<programlisting role = "language">

program text


Render a longish piece of program text -- preserving the line breaks. The program is assumed to be written in the language specified in the role attribute. Note that within programlisting all special characters retain their meaning!

This means in particular that you cannot use the control characters ``<'', ``>'', and ``&'' inside of it. The several workarounds for this problem. Either you replace all control characters with their mnemonic equivalents (``&lt;'', ``&gt;'', and ``&amp;'' in our example), or you wrap the program code in a CDATA, like, for example,

            cout << "value = <" << &p << ">\n";

or, if the program is stored in file, pull in the whole file with

                <imagedata format = "linespecific"
                           fileref = ""></imagedata>

List-Making Tags

Generate the three typical types of lists.

The items or definitions are typically formed by one or more paragraphs, but they are allowed to contain program listings, too. The terms usually are one or more words, not paragraphs.

Inline Markup Tags

<emphasis>text to be emphasized</emphasis>

Highlight a short part of the document; usually a single word.

<filename>filename or directory name</filename>

Mark word as filename.

<literal>literal something</literal>

<literal role = "classification">literal something</literal>

Mark a word as being a literal expression. Use this tag only as last possibility, if no other more specific tag matches. To calm one's bad conscience, literal often gets decorated with a role attribute, which describes more precisely the kind of literal.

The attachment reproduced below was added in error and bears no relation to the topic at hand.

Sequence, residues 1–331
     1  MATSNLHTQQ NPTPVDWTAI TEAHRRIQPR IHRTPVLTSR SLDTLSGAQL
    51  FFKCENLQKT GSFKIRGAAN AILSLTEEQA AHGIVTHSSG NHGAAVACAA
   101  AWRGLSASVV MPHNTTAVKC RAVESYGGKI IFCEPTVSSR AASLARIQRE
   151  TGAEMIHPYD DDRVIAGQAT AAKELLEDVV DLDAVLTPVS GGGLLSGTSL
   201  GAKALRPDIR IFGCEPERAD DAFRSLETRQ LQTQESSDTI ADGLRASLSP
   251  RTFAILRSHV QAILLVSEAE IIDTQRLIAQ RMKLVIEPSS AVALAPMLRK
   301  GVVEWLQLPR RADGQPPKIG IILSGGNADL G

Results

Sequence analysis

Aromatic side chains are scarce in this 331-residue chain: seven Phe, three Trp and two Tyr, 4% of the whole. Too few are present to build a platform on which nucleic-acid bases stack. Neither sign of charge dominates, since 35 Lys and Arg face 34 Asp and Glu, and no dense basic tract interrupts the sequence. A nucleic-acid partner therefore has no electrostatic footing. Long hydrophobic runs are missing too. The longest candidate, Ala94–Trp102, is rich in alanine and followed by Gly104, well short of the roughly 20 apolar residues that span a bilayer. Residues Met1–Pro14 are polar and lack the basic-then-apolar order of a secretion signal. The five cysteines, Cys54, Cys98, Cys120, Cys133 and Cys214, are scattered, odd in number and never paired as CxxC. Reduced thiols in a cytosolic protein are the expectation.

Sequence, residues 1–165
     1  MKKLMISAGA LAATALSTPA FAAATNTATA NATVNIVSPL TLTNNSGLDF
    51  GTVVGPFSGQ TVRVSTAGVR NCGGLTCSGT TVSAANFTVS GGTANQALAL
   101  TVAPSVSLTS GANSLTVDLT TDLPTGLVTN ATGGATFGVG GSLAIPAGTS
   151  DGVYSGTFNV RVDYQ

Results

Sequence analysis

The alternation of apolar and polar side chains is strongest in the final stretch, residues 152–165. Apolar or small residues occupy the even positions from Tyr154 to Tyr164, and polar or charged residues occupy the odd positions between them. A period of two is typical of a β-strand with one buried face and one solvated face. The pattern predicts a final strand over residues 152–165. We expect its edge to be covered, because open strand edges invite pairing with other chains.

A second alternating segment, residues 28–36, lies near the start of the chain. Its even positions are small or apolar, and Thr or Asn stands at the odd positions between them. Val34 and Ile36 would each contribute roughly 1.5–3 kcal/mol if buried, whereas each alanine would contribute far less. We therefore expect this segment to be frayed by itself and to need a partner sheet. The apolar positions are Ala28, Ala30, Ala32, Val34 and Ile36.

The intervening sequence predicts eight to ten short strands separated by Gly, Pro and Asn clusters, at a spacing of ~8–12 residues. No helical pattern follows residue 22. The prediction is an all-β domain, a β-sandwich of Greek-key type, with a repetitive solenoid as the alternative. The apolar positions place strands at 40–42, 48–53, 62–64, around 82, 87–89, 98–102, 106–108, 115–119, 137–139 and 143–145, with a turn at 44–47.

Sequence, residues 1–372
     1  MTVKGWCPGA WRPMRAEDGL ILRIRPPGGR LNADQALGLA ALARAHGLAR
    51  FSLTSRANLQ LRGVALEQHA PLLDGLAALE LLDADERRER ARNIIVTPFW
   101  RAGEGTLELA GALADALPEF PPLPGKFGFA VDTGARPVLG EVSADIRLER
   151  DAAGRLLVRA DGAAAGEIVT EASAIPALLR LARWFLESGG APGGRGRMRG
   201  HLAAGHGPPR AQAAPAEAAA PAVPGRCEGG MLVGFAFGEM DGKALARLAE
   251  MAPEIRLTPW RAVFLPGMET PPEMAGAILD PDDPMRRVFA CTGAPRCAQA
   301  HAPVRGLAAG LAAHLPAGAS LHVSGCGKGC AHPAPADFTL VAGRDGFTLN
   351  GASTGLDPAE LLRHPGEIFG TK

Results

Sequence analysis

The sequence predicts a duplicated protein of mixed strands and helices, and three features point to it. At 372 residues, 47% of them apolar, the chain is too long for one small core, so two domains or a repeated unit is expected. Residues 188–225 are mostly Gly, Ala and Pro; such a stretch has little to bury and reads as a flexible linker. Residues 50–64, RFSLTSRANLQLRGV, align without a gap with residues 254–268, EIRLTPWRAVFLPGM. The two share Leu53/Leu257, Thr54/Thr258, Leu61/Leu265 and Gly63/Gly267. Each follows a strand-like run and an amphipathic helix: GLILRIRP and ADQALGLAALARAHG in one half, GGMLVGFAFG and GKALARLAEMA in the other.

<replaceable>placeholder name</replaceable>

Mark a meta-variable.


Give a name to a section or a formal element, like a table.

Cross References

Cross references refer to other parts of the same DocBook document or to other documents on the World Wide Web. Targets of the former are all elements that carry an id attribute, targets of the latter are selected with universal resource locators (URLs).

<link linkend = "target">item</link>

Install a (hyper-)link to the spot identified via target within the current document.

<ulink url = "complete URL">item</ulink>

Install a hyper-link to a WWW-accessible document identified by a complete URL. A complete URL includes the protocol, for example, http://.

<xref linkend = "target"></xref>

Install a (hyper-)link to the spot identified via target within the current document. A translator will add text around an xref element. For example, a xref to a section might be decorated with the text ``see section''.

What I Have Left Out

Ugh, I left out tons of stuff, but only to give you a smooth, non-frightening introduction. Some great things DocBook handles that I have not discussed are

Also left out is everything related to changing the DTD or changing the style sheets.

Pros and Cons


Further Reading

Next month: Texinfo

Christoph Spiel

Chris runs an Open Source Software consulting company in Upper Bavaria, Germany. Despite being trained as a physicist -- he holds a PhD in physics from Munich University of Technology -- his main interests revolve around numerics, heterogenous programming environments, and software engineering. He can be reached at

Copyright © 2002, Christoph Spiel.
Copying license
Published in Issue 75 of Linux Gazette, February 2002